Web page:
The First Seven Years

by Bernard Malamud

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Why does Feld find Max appealing in "The First Seven Years"?

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Feld sees Max as the ideal husband for his daughter, Miriam. He's bright, hard-working, and seems to be going places in life. In particular, Feld is impressed by Max's devotion to study, although his bookishness should indicate his unsuitability for marrying Feld's daughter, who isn't on the same wavelength intellectually.

The problem here is one of wishful thinking. Feld is so dazzled by this intelligent young man that he fails to see that there's virtually no chance of his marrying Miriam. He's more impressed by Max than his daughter, and that's an insuperable barrier to marrying them off. The most damaging consequence of Feld's delusions is that he ends up alienating Sobel, who saved his business from ruin and has been a loyal, hard-working employee ever since.

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Max is so appealing to Feld because Feld sees Max as a means to an end. Basically, Feld sees Max as Miriam's ticket to a better life. Because his daughter refuses to attend college, Feld sees a potential romance between the two as a way for Miriam to improve her station in life.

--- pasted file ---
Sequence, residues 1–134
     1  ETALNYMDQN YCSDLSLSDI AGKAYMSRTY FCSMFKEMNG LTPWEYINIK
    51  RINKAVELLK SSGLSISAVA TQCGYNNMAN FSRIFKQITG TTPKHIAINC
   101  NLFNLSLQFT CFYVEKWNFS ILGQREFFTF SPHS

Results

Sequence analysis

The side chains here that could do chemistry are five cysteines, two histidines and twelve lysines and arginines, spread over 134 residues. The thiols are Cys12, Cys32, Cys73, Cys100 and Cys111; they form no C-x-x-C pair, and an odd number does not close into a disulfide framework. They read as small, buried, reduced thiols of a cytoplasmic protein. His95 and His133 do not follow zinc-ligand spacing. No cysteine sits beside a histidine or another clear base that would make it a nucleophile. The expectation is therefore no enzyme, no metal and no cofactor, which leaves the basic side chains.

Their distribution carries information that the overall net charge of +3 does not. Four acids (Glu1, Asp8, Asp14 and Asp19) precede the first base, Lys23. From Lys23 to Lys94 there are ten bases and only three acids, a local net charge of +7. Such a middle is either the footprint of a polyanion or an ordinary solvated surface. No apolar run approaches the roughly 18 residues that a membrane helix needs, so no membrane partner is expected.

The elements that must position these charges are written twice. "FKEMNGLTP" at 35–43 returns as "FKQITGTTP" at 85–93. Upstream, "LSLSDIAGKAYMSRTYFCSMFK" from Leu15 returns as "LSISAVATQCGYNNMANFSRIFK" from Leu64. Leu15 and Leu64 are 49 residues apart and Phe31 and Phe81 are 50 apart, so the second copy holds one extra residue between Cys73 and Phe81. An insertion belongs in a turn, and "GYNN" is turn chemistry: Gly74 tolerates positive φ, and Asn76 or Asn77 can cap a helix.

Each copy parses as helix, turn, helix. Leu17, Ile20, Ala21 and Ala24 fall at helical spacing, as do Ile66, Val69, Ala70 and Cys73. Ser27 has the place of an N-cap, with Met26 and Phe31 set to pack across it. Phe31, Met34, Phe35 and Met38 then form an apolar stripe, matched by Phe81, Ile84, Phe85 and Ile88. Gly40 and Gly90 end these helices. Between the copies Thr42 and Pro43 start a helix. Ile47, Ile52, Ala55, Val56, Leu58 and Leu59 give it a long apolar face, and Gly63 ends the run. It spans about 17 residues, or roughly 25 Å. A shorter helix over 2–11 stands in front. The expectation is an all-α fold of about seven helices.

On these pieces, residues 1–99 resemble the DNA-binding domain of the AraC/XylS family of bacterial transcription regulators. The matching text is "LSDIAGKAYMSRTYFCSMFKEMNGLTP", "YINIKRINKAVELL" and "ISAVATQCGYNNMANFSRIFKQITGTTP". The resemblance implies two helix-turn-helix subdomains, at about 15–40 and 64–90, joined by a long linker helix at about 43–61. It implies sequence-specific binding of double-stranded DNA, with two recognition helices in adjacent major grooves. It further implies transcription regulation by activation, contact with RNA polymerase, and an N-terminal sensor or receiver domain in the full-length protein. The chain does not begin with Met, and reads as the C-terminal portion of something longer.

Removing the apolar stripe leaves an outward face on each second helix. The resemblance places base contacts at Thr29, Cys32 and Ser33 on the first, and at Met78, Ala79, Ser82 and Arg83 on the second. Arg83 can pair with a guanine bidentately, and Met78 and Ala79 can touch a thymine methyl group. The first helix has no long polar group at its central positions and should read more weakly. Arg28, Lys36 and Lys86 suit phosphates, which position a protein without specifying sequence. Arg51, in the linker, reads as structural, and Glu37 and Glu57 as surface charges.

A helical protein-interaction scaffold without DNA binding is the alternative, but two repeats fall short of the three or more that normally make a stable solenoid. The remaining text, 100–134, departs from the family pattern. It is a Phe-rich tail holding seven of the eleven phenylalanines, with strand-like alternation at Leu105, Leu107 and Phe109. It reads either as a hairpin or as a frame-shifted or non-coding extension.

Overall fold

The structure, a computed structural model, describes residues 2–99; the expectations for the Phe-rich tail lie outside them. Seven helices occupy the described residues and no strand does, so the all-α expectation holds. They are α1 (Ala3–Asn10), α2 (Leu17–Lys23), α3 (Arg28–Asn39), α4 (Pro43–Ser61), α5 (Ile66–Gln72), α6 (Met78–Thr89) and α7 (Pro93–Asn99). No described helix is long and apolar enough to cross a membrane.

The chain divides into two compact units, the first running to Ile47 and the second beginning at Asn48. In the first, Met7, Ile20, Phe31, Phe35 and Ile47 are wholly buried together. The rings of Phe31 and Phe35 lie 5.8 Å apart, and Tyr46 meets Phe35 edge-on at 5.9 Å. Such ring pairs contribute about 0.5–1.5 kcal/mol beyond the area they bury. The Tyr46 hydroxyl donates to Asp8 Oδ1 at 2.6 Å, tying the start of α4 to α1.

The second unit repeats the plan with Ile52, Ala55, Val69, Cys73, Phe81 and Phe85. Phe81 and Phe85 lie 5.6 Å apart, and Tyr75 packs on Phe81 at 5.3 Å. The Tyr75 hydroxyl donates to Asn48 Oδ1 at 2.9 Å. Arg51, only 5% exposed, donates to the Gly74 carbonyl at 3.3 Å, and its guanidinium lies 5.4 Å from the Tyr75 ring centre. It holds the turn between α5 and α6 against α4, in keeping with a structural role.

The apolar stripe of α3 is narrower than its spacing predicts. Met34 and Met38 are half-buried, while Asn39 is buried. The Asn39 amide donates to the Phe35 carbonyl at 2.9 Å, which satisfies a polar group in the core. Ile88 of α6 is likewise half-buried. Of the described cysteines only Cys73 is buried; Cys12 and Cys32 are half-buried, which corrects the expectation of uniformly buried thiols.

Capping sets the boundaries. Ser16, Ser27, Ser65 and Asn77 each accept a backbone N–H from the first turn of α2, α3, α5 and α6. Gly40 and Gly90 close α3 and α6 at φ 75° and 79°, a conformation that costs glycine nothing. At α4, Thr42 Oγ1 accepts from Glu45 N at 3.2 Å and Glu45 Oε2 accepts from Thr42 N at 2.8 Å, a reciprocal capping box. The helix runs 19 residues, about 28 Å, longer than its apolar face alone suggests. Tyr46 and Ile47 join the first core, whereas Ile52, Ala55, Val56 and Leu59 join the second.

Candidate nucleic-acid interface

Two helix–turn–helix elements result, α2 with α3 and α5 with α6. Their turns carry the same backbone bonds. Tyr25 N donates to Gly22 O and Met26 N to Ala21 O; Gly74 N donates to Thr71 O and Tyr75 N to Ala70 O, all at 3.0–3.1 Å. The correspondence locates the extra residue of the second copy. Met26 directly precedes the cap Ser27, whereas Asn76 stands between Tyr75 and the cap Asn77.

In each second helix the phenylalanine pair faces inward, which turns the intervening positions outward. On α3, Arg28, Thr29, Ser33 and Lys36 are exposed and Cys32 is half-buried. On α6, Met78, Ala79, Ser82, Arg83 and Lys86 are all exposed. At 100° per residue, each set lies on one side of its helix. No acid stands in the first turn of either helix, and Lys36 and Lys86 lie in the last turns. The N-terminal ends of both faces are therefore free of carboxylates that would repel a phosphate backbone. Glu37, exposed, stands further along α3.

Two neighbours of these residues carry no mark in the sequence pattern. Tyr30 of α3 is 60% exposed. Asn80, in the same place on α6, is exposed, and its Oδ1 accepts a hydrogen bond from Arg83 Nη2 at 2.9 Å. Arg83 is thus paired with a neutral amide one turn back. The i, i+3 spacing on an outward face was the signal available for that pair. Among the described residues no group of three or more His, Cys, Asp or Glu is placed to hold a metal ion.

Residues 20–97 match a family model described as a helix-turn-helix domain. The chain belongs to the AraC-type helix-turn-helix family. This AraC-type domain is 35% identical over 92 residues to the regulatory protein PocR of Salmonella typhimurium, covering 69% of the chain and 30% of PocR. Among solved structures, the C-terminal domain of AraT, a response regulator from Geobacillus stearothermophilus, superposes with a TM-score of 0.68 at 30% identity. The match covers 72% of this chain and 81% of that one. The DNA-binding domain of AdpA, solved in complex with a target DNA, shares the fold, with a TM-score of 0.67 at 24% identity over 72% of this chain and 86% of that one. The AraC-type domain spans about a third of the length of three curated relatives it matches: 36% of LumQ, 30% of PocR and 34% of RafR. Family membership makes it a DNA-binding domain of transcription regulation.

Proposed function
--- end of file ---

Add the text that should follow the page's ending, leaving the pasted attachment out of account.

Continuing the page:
Feld reasons that Max's own commitment to higher education may even inspire Miriam to pursue her own studies. If not, he imagines that marriage between the two will still be a positive development. Miriam will be married to a 'fine scholarly boy' instead of wasting her youth working in an office with 'loud-mouthed salesmen and illiterate shipping clerks.' So, Feld puts his plan into action. He tries to get Max to go out on a date with Miriam.

For his part, Max does take Miriam out on two dates; however, the relationship never really gets off the ground. Sadly, Feld had not bargained for the fact that Miriam and Max might be ill-suited for each other.


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In The First Seven Years, why was Feld impressed with Max?

Feld is impressed with Max because of Max's determination to educate himself.  Feld believes that an education is essential for happiness in life, because it provides a better and wealthier life than the one he has lived.  It isn't until the end that Feld realizes education is not the key to happiness, or the most important quality in a man.

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